This is the first and only comprehensive history of all decorations and medals that may be awarded to men and women serving in the United States Army and Air Force. The background and design of each medal are examined, as well as award criteria governing each decoration. The book first looks at the Army and Air Force Medals of Honor before continuing with other awards, including the Distinguished Service Cross, Distinguished Service Medal, Air Force Cross, Silver Star, Legion of Merit, Bronze Star Medal and Purple Heart. The histories of more common medals like the Air Medal, Meritorious Service Medal, Army and Air Force Commendation Medals and Army and Air Force Achievement Medals are also included. Photographs of each medal (obverse and reverse) accompany the text, along with selected photographs of recipients and the citations for their awards.
Publisher: Karger Medical and Scientific Publishers
In this fourth volume of the popular series 'Neurological Disorders in Famous Artists' we once again delve into the minds of writers, painters, and poets in order to gain better insight on how neurological and psychiatric diseases can influence creativity. The issue of schizophrenia, the interaction between psychological instability and drug abuse, and the intricate association between organic wounds and shell-shock disorders are illustrated with the examples of Franz Kafka, Raymond Roussel, and Louis-Ferdinand Céline and their writings. Dementia has been specifically studied before, including in the previous volumes of Neurological Disorders in Famous Artists. It is revisited here in order to present the striking and well-documented case of Willem de Kooning, which inspired a new approach. Apart from issues that sometimes border on neuropsychiatry, purer neurological cases such as post-amputation limb pain (Arthur Rimbaud) or tabetic ataxia (Edouard Manet) are presented as well. Other fascinating life trajectories associated with cerebral or psychological changes include those of the writers Bjornsen, Tolstoi, Turgeniev, Mann, Ibsen, and Pavese.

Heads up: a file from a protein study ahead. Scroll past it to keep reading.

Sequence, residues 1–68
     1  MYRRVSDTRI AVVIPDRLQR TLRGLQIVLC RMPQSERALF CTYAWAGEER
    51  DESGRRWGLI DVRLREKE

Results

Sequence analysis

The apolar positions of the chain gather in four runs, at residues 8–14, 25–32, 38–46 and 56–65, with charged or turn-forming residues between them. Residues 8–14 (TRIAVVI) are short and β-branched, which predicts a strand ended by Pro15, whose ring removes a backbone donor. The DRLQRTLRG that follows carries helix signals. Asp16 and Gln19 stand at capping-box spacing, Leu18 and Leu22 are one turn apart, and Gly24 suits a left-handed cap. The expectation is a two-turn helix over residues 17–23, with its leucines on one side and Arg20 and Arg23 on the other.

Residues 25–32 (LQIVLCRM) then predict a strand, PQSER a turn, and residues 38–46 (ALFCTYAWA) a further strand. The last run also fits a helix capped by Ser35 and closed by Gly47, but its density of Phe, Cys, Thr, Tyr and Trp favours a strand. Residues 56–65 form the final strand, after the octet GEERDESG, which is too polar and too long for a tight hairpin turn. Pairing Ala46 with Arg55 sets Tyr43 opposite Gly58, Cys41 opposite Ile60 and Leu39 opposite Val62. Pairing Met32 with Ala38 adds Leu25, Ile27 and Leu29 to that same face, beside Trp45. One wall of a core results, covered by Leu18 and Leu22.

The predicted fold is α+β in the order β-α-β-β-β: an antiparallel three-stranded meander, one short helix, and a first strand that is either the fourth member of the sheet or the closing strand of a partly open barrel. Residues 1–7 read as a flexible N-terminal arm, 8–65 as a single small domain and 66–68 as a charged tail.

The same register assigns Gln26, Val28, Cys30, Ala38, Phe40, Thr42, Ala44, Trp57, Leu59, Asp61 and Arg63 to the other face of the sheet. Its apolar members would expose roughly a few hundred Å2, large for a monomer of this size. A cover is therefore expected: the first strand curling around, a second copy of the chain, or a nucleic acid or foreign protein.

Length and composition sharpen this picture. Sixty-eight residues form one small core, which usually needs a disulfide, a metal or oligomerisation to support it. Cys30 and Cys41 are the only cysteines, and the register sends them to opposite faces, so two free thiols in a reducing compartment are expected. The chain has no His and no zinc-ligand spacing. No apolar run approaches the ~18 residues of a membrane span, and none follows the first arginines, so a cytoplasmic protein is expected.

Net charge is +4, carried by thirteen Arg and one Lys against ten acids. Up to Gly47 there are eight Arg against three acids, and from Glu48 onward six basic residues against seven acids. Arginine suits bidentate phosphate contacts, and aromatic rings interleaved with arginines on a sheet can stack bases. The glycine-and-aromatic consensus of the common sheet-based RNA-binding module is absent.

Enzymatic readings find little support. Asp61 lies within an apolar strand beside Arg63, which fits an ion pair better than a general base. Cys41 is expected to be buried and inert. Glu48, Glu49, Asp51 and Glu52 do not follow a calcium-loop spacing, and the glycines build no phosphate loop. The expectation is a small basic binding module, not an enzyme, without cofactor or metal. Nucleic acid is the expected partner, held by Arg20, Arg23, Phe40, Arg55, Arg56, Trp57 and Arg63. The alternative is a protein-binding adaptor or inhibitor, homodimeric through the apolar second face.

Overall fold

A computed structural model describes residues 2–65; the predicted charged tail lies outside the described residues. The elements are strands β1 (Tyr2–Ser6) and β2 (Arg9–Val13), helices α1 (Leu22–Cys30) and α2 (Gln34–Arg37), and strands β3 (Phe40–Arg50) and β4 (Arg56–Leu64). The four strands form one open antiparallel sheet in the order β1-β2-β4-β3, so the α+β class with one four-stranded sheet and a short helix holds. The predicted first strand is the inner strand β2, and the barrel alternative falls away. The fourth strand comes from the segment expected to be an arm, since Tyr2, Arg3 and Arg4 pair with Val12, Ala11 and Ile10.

This collaborative, interdisciplinary study explores a variety of issues in theatrical and literary history that converge in two performances given at the palace of Fontainebleau on 13 February 1564. Part of the fabled Fêtes de Fontainebleau, this carnival Sunday entertainment was produced at the behest of Catherine de Médicis and created by courtiers and artists including Pierre de Ronsard, the greatest lyric poet of the French sixteenth century. While focused on the text and production of Ronsard's Bergerie and the choice and production of the tale of Ginevra from Ariosto's Orlando furioso, the study also examines the urgent circumstances of the festival - the moment, shortly after the end of the First War of Religion, was critical and highly charged - as well as its political program and the rhetorical strategies employed by Catherine and Ronsard to promote harmony among the opposing factions of nobles. The authors' exploration of the Queen's Day also leads them to consider a range of questions pertaining to Renaissance and early modern court performance practices and literary-cultural traditions. The book is distinctive in that it crosses disciplinary and national boundaries, and in that a number of the issues it addresses have received little or no previous scholarly attention.